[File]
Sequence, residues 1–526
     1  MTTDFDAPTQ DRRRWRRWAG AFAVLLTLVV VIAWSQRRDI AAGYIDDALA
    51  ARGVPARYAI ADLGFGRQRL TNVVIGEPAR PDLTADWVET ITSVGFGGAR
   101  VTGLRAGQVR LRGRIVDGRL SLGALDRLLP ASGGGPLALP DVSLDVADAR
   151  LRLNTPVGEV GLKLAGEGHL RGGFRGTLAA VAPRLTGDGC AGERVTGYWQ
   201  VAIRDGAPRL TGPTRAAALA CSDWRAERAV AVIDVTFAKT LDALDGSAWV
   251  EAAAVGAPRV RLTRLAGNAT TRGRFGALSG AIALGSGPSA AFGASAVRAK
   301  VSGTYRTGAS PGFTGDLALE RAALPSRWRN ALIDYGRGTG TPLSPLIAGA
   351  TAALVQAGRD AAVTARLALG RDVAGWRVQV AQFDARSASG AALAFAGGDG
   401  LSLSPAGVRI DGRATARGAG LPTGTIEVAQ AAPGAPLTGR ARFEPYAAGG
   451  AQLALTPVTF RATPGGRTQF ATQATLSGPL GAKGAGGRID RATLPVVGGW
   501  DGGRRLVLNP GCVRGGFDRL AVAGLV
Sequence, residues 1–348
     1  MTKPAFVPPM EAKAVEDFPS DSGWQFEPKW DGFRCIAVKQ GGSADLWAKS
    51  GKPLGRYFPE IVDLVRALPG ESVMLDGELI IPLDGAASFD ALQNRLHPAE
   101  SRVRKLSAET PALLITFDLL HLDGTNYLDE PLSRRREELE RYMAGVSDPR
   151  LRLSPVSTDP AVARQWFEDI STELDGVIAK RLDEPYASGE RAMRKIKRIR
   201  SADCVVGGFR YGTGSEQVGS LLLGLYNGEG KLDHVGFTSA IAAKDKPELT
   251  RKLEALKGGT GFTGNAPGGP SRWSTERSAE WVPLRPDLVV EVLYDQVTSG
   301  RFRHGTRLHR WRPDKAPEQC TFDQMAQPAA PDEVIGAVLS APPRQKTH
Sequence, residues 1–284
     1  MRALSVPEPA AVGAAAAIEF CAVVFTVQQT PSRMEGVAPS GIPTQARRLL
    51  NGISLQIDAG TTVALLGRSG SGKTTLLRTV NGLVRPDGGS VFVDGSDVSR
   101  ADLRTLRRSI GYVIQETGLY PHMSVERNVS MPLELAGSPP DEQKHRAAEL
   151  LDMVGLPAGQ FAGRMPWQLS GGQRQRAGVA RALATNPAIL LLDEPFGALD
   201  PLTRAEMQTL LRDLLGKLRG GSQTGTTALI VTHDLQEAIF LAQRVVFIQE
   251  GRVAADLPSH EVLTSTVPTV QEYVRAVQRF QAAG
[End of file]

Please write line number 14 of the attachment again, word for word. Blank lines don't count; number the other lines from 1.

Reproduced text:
     1  MTKPAFVPPM EAKAVEDFPS DSGWQFEPKW DGFRCIAVKQ GGSADLWAKS